Is it really possible? Can we live without touching a PC for just one day? I think it is not only possible, but a highly commendable goal. And that is why I joined the "Shutdown Day" effort. I work with computers every day for a living -- I have a computer-related side business -- I volunteer with computer-related boards -- do you see a pattern? On March 24, I will not be in front of a computer. Mine will be turned off at home the whole day. I will encourage everyone I know to do so too. One day of computer freedom! Imagine, also, the amount of energy we will save by turning off all that hardware! I will choose to spend time with my family that day, maybe do something physical like a long walk. I hope you will join in and be PC-free for one day!

Saturday, March 03, 2007

Technology and Our Legal System

There are technological issues that our legal system has been unable to cope with. One of them is malware, as shown by the outrageous case of Julie Amero, a substitute teacher that was convicted of various crimes because of malware in the school equipment she was using. The facts, from my viewpoint, are very clear and she is not guilty. If anyone should be convicted and sentenced it maybe the school computer network administrators for not protecting the school equipment properly. Or perhaps they should convict everyone at Microsoft for not building enough protection into Windows. They should definitely convict every malware writer that has used weaknesses in Windows and Internet Explorer to hurt everyone's computer experience. But Julie Amero should have never endured the unfair punishment she has already made to suffer -- and the prospect of her spending 40 years in jail for something she did not do makes me sick to my stomach. There is a blog that has contact information of those involved in the case. The transcripts are also available online. I think it is only fair that we all voice our outrage at this travesty of justice! Please support Ms. Amero in anyway you can.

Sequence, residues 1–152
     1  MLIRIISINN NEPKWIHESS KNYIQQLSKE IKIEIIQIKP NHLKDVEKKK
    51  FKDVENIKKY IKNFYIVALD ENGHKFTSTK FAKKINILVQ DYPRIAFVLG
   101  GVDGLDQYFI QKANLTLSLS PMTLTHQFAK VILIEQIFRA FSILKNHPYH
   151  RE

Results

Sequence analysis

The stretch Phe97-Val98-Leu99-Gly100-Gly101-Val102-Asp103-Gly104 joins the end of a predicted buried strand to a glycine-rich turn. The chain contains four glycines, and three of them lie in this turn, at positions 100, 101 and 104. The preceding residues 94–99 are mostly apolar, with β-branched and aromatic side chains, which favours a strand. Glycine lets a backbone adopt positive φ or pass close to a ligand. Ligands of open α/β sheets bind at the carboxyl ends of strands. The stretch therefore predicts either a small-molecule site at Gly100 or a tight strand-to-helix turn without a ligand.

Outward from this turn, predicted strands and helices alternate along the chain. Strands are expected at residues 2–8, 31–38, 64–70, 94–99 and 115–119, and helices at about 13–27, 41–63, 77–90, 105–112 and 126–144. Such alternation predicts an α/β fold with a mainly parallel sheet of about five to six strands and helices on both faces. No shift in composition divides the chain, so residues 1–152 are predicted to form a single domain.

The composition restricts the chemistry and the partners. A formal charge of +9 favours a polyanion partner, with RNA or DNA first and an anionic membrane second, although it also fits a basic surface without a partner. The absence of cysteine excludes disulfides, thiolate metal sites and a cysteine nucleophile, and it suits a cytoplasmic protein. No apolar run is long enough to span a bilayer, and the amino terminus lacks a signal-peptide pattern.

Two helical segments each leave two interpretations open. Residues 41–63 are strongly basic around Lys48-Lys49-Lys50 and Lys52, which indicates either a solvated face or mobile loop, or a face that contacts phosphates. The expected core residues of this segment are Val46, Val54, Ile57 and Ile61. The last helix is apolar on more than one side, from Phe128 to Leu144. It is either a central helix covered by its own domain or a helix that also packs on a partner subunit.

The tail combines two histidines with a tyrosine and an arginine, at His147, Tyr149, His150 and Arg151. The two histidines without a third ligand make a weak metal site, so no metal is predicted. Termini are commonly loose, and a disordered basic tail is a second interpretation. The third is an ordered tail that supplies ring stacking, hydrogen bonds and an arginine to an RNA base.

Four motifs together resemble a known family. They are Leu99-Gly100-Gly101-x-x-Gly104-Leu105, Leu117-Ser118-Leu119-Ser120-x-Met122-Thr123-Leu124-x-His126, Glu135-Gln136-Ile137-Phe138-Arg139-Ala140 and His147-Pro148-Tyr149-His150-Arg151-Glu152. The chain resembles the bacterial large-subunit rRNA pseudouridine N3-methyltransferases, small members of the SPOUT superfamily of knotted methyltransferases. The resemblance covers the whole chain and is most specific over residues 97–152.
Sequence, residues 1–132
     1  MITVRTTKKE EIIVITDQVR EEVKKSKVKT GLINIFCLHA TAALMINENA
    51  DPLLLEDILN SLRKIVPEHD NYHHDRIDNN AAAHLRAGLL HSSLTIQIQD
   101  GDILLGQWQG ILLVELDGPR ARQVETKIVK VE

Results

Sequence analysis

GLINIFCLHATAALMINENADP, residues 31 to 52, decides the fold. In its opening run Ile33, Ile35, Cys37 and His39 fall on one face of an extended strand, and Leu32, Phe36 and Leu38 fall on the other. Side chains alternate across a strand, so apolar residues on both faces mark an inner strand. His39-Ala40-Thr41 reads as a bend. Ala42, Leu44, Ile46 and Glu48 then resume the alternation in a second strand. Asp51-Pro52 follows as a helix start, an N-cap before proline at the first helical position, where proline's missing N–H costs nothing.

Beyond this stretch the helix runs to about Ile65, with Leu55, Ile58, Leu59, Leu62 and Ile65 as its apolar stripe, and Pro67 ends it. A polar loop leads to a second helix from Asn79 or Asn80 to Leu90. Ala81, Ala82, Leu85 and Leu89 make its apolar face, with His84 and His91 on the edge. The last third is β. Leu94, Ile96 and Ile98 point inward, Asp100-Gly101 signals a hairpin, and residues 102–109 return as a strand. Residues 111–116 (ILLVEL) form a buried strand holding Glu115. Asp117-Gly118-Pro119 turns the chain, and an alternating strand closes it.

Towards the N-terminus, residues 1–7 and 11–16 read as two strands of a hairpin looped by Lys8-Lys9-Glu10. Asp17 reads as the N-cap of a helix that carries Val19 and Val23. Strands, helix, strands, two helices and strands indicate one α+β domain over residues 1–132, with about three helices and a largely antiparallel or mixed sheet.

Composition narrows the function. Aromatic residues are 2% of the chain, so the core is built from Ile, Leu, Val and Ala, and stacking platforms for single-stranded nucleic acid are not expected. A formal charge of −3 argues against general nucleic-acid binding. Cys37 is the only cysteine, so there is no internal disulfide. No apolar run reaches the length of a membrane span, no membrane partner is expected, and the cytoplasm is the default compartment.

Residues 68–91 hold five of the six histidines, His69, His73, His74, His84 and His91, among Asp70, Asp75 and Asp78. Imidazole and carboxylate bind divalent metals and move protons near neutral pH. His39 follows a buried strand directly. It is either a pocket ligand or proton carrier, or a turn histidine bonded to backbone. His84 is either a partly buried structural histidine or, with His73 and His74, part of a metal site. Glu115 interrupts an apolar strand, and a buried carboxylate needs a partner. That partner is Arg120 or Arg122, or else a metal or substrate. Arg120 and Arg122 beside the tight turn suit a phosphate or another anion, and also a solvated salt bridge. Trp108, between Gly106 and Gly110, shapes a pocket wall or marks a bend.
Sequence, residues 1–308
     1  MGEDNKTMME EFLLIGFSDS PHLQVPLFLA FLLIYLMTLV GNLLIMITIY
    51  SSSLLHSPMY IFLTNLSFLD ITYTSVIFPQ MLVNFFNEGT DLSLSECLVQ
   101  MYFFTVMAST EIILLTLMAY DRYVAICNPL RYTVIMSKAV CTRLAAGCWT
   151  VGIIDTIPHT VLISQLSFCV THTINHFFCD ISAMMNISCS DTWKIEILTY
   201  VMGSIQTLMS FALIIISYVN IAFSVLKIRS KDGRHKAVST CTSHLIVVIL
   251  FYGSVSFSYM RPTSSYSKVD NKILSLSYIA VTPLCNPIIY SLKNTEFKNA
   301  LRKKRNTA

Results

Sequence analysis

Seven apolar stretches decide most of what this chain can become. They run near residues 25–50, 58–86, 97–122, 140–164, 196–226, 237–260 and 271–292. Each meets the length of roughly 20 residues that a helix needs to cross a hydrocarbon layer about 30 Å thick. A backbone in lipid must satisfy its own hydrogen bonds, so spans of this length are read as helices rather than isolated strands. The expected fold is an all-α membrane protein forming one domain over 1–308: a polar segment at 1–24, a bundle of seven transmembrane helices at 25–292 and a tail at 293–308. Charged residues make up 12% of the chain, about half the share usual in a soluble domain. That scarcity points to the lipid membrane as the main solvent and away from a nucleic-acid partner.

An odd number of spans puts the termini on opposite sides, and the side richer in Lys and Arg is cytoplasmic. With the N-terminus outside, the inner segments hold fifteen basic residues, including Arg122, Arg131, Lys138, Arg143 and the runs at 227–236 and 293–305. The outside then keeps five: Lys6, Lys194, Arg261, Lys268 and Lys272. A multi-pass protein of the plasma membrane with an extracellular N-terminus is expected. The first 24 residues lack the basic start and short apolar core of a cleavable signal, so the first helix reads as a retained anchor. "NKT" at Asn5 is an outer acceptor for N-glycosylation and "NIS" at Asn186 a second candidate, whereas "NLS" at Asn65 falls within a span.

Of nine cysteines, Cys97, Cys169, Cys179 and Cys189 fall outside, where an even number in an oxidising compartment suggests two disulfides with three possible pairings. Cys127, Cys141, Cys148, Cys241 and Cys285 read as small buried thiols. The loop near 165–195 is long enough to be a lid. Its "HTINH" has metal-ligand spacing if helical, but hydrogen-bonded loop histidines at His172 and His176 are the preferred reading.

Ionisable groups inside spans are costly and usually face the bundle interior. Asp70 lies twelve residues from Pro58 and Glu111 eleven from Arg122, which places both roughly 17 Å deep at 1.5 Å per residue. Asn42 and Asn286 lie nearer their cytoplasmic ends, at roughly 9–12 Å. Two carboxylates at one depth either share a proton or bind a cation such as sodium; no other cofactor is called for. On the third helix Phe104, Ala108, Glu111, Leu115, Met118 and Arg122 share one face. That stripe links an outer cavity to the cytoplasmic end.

Friday, March 02, 2007

Arrange your mind: a valuable life story